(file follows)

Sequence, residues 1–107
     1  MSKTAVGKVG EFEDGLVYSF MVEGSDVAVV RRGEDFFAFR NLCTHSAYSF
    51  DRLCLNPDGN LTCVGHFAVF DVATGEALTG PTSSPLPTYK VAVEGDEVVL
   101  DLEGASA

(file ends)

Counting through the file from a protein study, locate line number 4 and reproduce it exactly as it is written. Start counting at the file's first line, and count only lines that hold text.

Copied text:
   101  DLEGASA